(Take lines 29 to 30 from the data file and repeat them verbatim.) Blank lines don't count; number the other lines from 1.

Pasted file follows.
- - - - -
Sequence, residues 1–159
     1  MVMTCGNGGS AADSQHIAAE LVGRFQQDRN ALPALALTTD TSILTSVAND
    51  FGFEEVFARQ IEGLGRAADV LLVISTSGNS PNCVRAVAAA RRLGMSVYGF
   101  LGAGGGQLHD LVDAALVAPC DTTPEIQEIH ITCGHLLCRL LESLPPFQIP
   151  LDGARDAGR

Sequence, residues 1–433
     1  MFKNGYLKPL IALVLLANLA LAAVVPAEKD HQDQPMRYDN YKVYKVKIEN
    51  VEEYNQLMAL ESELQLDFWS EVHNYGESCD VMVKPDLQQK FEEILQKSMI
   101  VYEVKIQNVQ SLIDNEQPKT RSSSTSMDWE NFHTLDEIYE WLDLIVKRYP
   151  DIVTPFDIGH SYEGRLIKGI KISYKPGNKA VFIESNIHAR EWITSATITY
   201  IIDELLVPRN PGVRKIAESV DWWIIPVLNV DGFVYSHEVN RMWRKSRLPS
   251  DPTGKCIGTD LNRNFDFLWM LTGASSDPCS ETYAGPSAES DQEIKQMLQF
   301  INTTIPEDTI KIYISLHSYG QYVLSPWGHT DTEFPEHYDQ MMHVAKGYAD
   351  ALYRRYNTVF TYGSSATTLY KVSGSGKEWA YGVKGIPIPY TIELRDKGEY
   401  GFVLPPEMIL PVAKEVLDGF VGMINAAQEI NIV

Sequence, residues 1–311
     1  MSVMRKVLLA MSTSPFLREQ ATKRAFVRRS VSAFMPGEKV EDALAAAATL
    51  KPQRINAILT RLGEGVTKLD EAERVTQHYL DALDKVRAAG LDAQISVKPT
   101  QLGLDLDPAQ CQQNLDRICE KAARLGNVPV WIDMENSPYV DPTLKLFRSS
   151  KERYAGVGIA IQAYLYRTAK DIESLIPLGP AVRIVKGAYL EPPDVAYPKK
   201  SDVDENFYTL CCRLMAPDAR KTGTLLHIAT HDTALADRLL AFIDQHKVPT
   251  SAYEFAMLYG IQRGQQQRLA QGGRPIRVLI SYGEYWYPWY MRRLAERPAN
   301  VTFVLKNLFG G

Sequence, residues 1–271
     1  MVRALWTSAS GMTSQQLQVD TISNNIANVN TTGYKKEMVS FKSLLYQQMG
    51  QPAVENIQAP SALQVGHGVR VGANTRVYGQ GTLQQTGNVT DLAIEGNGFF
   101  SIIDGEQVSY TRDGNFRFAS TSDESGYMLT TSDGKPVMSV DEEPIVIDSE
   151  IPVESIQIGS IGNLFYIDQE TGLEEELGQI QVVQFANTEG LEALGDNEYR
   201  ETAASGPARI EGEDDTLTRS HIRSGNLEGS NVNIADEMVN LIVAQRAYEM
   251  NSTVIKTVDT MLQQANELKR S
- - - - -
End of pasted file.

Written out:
   201  ETAASGPARI EGEDDTLTRS HIRSGNLEGS NVNIADEMVN LIVAQRAYEM
   251  NSTVIKTVDT MLQQANELKR S